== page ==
ER and its many "cousins" (including data modeling CASE tools), such as Information Engineering (Finkelstein, and adapted by Martin), ERwin (CA), PowerDesigner (Sybase), IDEF1X (Appleton; Bruce), Oracle Designer*2000 (Barker), Extended ER (Teorey), and even class diagrams in UML, have one key common characteristic -- they model in records. That means they still utilize attributes as a basic modeling construct. Even if attributes are not shown in an ER diagram, they are understood to be there. The ER Diagram is an abstraction of a more detailed underlying data model.

In ER modeling, the data modeler assembles value domains as descriptors of an entity into entity records. Within the record, relationships among the attributes (columns, including identifiers) are not explicitly defined. Unfortunately, this is where even seasoned data modelers make mistakes -- attributes are included in a record when they shouldn't be. Normalization is one series of tests we perform to detect errors in our data models. (As an aside, no DBMS today is able to help the modeler produce a fully normalized data model. Do you know why? Come and find out!) As long as data items are clustered into records, there remains the possibility of violating one of the normal forms.

Data modeling is the foundation of information systems development - if you don't get the database design "right" then the systems you build will be like a house of cards, collapsing under the weight of inevitable future forces for revision, enhancement, integration, and quality improvement. Therefore, we need a scheme to guide our data modeling efforts which helps produce data models that are a clear and accurate representation of the users' domain of discourse, and which facilitate human communication, understanding, and validation.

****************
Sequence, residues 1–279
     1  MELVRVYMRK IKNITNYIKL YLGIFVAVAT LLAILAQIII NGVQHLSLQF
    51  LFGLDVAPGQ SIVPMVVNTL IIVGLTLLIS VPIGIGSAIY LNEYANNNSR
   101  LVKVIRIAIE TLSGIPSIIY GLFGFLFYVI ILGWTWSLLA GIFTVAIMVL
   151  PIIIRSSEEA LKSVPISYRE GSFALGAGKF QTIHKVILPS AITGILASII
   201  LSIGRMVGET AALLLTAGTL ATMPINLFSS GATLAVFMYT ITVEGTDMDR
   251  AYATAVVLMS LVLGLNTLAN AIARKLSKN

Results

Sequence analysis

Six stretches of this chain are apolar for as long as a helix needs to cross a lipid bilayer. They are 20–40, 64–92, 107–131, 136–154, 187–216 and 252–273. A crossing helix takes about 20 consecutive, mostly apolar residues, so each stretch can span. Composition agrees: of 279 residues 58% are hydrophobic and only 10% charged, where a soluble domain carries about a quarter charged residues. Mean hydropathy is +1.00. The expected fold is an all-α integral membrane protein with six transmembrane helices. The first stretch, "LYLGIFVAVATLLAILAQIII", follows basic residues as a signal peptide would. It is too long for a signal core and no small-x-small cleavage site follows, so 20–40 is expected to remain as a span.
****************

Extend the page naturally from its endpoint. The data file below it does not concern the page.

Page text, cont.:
Today, increasing numbers of people, data modelers, are beginning to recognize some serious limitations in all record-based data modeling schemes.

This workshop presents some examples to help data modelers recognize problems and develop 'correct' data models. It begins by having the participants verbalize all the semantics implied by a simple ER diagram consisting of a single record type:

[ X | A | B ] ... There are at least 15 distinct statements.

Then we focus in on the root cause and problems inherent in any modeling scheme that uses three basic constructs (entity, attribute, relationship), and implicitly or explicitly clusters attributes into entity records. For any given data item to be included in the database, the modeler must a priori decide whether it is an entity or an attribute. Sometimes it is both!

The common approach to designing databases is to first think of tables, what (entities) they represent, and what attributes to include. A good data modeler must avoid "table think" too early in the process. Hopefully this workshop will motivate data modelers to explore and seriously consider using a data modeling scheme with two basic constructs, such as Object Role Modeling (ORM). This does not mean abandoning traditional ER modeling; but it does sharpen our ability to do a better job of data modeling and overcome some of the limitations of ER modeling.